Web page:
Still, if you'd been taking bets ten years ago, your money would have been on Oldman. Perhaps because they shared the same son of lower-middle-class south London background, Roth and Oldman have always been lumped together in the public imagination. Certainly, they broke through over here doing the same kinds of parts--young men slightly out of place, out of kilter, with too much energy to quite know their place, young men pushing at the hierarchies and class barriers of Britain.
They worked for the same people. Roth's first role was as the rabidly desperate skinhead teen Trevor in Alan Clarke's Made in Britain. Clarke also gave Oldman one of his best ever roles as the mouthy estate agent/football hooligan in Al Hunter-Ashton's The Firm. They also worked together in Mike Leigh's wonderful study of estate survivalism, Meantime, with Oldman this time playing the skinhead (famously going nowhere in a concrete barrel) and Roth as the gonky loser Colin, sniffing and shambling under a hale of fraternal abuse from elder brother Phil Daniels.
The link with this Lewisham-born mate hasn't always worked in Roth's favour. For a while, he was almost in Oldman's shadow. Just before the release of Reservoir Dogs, I remember a Spanish journalist at a film festival near Barcelona suggesting to Roth that he could be the next Gary Oldman. Certainly, it always seemed as if Oldman was going to do the business in Hollywood. But since the relative failure of Dracula, he seems to have gradually lost his way, winding up recently in spectacular clunkers, like the vaguely barmy Beethoven bio-pic Immortal Beloved or Demi Moore's slice of silicone-injected Hot Gothic, The Scarlet Letter.
In retrospect, Roth seems to have been cannier about it all, though he denies ever calculating things much. But by not attempting to "take Hollywood," he has gradually carved himself out the sort of career enjoyed by the likes of Harvey Keitel or Steve Buscemi, a career in which he can balance more interesting work in the independent sector, films he really wants to do (e.g. James Gray's ferociously downbeat Russian-Jewish gangster flick Little Odessa) with the odd low-key studio picture to pay the rent and keep his profile high (e.g. Rob Roy).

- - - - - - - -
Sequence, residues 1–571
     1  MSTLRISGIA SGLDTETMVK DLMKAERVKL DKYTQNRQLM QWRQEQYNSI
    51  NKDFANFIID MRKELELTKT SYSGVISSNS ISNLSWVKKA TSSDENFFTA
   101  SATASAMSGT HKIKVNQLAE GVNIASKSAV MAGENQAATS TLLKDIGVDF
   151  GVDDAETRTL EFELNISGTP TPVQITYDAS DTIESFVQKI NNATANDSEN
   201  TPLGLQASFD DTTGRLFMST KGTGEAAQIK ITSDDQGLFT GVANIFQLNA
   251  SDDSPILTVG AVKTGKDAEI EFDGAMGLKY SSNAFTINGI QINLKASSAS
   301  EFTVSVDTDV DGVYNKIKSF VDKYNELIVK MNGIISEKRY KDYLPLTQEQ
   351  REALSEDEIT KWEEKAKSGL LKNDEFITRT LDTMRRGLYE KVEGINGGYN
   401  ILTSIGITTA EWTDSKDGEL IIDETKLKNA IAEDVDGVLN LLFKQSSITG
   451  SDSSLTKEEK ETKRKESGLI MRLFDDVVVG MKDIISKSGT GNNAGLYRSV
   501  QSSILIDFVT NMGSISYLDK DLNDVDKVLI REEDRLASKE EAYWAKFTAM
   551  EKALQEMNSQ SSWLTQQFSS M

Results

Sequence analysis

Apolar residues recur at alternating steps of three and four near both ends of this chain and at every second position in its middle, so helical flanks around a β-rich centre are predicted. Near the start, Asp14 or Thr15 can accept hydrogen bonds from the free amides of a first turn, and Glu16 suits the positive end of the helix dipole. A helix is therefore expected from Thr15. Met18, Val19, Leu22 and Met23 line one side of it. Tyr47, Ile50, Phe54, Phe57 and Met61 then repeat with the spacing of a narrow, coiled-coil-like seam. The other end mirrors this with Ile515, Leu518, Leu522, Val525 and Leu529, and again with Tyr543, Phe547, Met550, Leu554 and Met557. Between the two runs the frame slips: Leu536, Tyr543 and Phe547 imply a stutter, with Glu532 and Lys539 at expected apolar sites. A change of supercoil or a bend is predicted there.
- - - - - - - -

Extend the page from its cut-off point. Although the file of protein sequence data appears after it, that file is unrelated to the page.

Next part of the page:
Things are going well enough for him to be able to think about moving away from L.A. He never wanted to wind up in Hollywood, he says. His dream was to live in New York. Now he thinks he's established enough to be able to pull it off, so he's here looking at lofts, wondering how to convert them into family homes or build roof gardens for the kids, checking out the view. He's just come from the perfect place: "You should see the view. On one side you've got the Empire State and the Chrysler Building, the other side it's the Twin Towers."
All in all, he's not done too bad over the past few years. Back in 1993, he was still paying off debts and back taxes and living in a fairly small Hollywood apartment. I know, because one night I broke in. Journalists who interview Hollywood actors are always hustling for more access, though perhaps this was taking things a little too far. Actually I don't even have the excuse of work. I broke in mainly because I was a bit drunk and desperate for a piss.
Perhaps I should explain. When Reservoir Dogs was on the international film festival circuit, I interviewed Roth in Barcelona. Perhaps because I didn't spend hours trying to probe his psyche but got drunk and messed about instead, he seemed to quite enjoy it. When I went to L.A. to interview someone else, he invited me over to a party at his place. I went with another journalist, but by the time we arrived--not that late--everyone had gone. The place was empty but the lights were on, the windows open. It looked as if they had just nipped out. The people in the flat upstairs thought they might have gone for a beer.
So we hung around on the balcony, drank the beers we'd brought and pretty soon needed the toilet. There was a pot plant outside, but it didn't 1ook like it could bear both our contributions, so I decided to hop through the window and look for the bathroom. When, I told Roth about it later, he said it was lucky he hadn't switched the alarm on. "It's hooked up to some kind of rapid response team, real Nazis. They would have bundled you into a van and dumped you straight in jail. And I didn't come back for a while, so you'd have been there for the weekend."
If I'd been professional about it all, I guess I would have made the most of the opportunity and started rifling through the bins and nosing round the bedroom, in search of used tubes of pile cream or nipple clamps and strap-ons. As it was, I had other things on my mind. After locating the bathroom, I went to the kitchen and checked the fridge. Roth and his mates had cleaned it out. There was no beer in the house. Bastard, as he might say.
Perhaps I should have looked a bit harder for "useful material." After all, when you interview Roth, you don't come away with that much of it. Not that the experience isn't fun. But you don't get to indulge much in-depth analysis about why he does what he does. "Who the fuck wants to talk to actors, I mean, really," he says now. "My problem is that it becomes so important, so much weight is attached to what Tom Cruise has to say about whatever. Push comes to shove, I'd rather not do it at all. I really wouldn't. If it were possible to get away without doing it, I would, but you can't do that now. It's in your contract, when you do a film."